Policing the police: A slow process

Huge delays in prosecuting officers on charges of corruption have cast doubt on the effectiveness of the Internal Affairs Department of the Greek Police, according to a report on the body heard on Tuesday by the parliamentary Institutional and Transparency Committee. Of the 300 prosecutions pending, only six officers have been convicted in the past two and a half years, raising questions over why the directorate’s investigation finds vindication in so few cases. In presenting their annual report to the parliamentary committee on the police watchdog’s achievements, the head of the Internal Affairs directorate, police chief Vassilis Tsiatouras, noted that since 1999, 180 cases, due to rise to 200, have been brought against police officers. Of these, 25 percent are felony charges, in which 48 higher-ranking, 52 lower-ranking and 49 low-ranking police officers were involved. Two factors have caused concern: First, that corruption flourishes at all levels, but chiefly at the top, and secondly, that delays in trying cases have negated their effectiveness and their usefulness in setting an example. Only eight of the cases, which were tried immediately, have been settled in the two and a half years of the directorate’s existence, six officers have been convicted and two cleared. Prosecutors are appealing in two of the cases. As for the rest, which are taking the normal course through judicial channels, Tsiatouras frankly admitted that none have reached the trial stage yet. He added that there is no obligation for anyone to inform the watchdog of progress in the legal cases. «Can these cases be tried in six months?» was his rhetorical reply to New Democracy deputy Anna Psarouda Benaki when she asked what Internal Affairs would like of the State. And he added, «Otherwise, when the trials of evidently corrupt police officers are delayed, the witnesses change their stories and the cases collapse.» An important factor in the Internal Affairs Department’s effectiveness was that last year, as compared to 2000, the number of accusations of corruption against police officers dropped, while in contrast, the number of officers arrested for other offenses has almost doubled, said Tsiatouras. The Internal Affairs head was also asked by PASOK deputy Foivos Ioannidis whether he was not troubled by the fact that corruption was so prevalent among officers of higher rank, while Yiannis Yiannakopoulos asked him if economic incentives lay behind the illegal acts. And while Tsiatouras admitted that the lack of concrete results may have discouraged people from making complaints, he also felt that their reduction was due to fewer malicious and unfounded accusations being made. Sharp words Sharp words were exchanged between the police chief and Yiannakopoulos. On being asked by the latter whether he felt that corruption had been eradicated from the Greek Police, Tsiatouras replied, «Not 100 percent.» In reply to the MP’s comment that «most (offenses) remain hidden,» the police chief insisted: «We are aware of most offenses. There is no possibility of a cover-up given the department’s structure and organization, while the appellate prosecutor in charge is kept informed of every development.» «I wouldn’t rest content with the drop in accusations,» Yiannakopoulos said. «Try going at night to Zinonos Street. What do I care whether or not the officer is in cahoots with those people (drug dealers) when he is sitting in a cafe while on duty?» Tsiatouras replied, «Now you’re asking why we don’t arrest all criminals. Indifference is not corruption, and besides, we are monitoring the police force’s effectiveness in central Athens.» To a question by Left Coalition deputy Fotis Kouvelis, he named passport control checkpoints, vice, nightclub and immigration squads as the most prone to corruption. Revealingly, graft in Attica equals that of the rest of the country put together. The report also noted that about 15 civil servants were involved along with the police officers charged. Tsiatouras pointed to prefectures as hotbeds of corruption.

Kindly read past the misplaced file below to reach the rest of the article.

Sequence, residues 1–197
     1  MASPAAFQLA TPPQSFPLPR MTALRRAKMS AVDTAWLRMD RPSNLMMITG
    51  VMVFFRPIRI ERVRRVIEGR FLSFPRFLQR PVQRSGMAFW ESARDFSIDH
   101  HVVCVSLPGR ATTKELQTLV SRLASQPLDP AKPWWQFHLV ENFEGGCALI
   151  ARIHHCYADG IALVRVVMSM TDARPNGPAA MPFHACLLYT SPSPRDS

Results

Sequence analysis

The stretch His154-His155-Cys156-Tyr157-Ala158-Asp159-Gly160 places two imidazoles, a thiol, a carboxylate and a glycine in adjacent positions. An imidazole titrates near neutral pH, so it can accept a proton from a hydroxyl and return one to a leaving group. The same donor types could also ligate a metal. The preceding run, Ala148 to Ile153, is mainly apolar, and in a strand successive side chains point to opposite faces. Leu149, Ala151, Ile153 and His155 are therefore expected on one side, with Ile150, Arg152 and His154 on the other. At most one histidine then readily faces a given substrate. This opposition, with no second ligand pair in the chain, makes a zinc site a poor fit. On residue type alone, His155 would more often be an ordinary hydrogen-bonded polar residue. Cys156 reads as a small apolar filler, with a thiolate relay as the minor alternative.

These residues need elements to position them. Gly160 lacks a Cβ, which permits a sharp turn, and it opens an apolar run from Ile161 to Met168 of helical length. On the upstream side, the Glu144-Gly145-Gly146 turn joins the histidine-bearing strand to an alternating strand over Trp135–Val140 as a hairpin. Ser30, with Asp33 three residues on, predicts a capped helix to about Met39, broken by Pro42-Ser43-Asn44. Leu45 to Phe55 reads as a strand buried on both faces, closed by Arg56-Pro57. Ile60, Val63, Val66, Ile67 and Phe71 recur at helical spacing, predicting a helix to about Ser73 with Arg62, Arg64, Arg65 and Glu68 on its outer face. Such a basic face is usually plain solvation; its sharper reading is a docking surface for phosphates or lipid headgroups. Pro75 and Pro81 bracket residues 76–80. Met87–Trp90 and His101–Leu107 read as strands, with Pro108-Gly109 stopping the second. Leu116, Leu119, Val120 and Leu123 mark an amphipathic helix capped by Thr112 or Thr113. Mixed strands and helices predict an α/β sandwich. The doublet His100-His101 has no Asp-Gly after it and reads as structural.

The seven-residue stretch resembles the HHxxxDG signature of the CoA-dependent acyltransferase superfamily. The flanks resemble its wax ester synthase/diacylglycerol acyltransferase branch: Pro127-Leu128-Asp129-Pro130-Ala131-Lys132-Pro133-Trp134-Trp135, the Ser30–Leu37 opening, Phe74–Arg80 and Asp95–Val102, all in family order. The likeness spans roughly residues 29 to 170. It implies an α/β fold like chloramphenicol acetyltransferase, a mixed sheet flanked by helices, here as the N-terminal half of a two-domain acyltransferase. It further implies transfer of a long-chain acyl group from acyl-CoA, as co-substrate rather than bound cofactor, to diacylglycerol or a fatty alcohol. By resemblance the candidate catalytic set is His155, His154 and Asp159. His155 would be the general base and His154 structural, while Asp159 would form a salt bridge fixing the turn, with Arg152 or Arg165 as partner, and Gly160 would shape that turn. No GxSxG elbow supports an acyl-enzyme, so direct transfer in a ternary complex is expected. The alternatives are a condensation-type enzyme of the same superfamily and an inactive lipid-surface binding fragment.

Subscribe to our Newsletters

Enter your information below to receive our weekly newsletters with the latest insights, opinion pieces and current events straight to your inbox.

By signing up you are agreeing to our Terms of Service and Privacy Policy.